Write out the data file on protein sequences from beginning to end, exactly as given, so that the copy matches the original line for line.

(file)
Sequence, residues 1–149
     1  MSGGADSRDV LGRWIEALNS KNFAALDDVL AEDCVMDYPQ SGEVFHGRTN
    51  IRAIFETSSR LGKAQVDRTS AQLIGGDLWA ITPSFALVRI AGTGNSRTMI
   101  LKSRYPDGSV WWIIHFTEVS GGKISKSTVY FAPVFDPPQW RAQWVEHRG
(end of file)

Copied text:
Sequence, residues 1–149
     1  MSGGADSRDV LGRWIEALNS KNFAALDDVL AEDCVMDYPQ SGEVFHGRTN
    51  IRAIFETSSR LGKAQVDRTS AQLIGGDLWA ITPSFALVRI AGTGNSRTMI
   101  LKSRYPDGSV WWIIHFTEVS GGKISKSTVY FAPVFDPPQW RAQWVEHRG